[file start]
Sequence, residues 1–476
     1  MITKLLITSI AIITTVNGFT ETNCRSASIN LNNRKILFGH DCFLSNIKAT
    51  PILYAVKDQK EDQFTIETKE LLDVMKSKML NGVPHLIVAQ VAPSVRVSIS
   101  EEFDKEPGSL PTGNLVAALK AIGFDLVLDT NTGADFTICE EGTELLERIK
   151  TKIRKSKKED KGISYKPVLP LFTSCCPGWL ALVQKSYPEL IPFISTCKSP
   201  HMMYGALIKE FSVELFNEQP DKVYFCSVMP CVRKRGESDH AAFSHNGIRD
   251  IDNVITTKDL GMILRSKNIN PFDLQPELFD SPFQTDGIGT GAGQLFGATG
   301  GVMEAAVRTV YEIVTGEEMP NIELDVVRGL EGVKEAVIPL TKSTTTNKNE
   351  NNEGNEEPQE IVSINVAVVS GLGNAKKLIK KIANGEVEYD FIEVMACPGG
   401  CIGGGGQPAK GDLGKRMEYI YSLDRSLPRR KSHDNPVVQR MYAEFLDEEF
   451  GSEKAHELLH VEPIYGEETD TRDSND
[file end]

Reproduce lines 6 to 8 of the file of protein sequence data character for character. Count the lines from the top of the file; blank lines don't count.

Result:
   201  HMMYGALIKE FSVELFNEQP DKVYFCSVMP CVRKRGESDH AAFSHNGIRD
   251  IDNVITTKDL GMILRSKNIN PFDLQPELFD SPFQTDGIGT GAGQLFGATG
   301  GVMEAAVRTV YEIVTGEEMP NIELDVVRGL EGVKEAVIPL TKSTTTNKNE